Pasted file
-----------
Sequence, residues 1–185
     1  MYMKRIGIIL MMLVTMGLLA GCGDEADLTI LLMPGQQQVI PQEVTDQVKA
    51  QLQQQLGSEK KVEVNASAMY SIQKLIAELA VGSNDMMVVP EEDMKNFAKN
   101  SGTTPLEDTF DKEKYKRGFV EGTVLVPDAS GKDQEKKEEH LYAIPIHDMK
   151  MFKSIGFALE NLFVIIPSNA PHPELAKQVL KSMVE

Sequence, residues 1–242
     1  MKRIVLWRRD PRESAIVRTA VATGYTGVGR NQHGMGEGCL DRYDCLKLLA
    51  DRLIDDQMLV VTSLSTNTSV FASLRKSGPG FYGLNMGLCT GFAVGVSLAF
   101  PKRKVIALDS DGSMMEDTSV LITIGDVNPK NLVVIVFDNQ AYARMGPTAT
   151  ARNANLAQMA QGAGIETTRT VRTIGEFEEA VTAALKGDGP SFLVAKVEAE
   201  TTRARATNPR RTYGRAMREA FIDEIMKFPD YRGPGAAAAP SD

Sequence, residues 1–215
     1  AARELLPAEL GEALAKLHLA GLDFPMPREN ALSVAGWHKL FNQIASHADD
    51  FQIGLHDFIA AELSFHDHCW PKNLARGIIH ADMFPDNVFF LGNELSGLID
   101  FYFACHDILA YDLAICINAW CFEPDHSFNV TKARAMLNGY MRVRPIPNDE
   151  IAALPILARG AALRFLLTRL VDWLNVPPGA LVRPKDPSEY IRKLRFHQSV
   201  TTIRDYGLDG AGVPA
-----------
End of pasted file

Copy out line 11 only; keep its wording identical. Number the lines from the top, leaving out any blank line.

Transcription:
   201  TTRARATNPR RTYGRAMREA FIDEIMKFPD YRGPGAAAAP SD